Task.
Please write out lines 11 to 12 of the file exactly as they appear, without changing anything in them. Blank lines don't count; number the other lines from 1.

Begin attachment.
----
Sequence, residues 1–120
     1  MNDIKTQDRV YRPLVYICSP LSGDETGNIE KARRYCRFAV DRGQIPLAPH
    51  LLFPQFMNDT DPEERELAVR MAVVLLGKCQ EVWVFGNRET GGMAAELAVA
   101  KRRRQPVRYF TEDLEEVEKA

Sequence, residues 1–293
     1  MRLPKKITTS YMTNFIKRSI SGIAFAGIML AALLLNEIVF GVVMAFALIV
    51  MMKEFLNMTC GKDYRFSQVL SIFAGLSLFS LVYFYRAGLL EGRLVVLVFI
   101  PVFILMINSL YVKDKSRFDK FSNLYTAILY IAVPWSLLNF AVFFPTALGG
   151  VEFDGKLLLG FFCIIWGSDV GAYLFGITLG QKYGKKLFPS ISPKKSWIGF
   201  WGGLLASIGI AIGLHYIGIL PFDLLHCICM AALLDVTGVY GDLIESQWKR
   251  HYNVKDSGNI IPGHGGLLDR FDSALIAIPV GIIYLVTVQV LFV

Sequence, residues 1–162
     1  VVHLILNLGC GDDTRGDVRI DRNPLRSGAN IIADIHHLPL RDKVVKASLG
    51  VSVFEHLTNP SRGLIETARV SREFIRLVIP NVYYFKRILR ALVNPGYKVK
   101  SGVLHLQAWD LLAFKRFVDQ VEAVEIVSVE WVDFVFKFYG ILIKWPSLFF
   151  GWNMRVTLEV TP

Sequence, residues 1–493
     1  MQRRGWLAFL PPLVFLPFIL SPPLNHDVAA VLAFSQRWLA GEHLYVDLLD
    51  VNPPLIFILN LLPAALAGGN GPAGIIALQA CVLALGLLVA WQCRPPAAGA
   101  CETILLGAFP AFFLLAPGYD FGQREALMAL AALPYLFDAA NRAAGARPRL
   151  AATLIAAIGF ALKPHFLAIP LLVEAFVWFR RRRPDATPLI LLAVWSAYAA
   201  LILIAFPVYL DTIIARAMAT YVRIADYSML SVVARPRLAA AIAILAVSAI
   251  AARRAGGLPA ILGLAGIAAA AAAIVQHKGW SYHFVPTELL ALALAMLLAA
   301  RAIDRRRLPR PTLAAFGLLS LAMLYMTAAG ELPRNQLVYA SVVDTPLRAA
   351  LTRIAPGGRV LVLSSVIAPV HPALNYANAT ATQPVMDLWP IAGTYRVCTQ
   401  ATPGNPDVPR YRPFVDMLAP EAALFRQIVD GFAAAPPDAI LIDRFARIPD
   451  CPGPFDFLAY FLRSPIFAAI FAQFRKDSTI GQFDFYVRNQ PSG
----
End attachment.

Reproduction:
   251  HYNVKDSGNI IPGHGGLLDR FDSALIAIPV GIIYLVTVQV LFV

Sequence, residues 1–162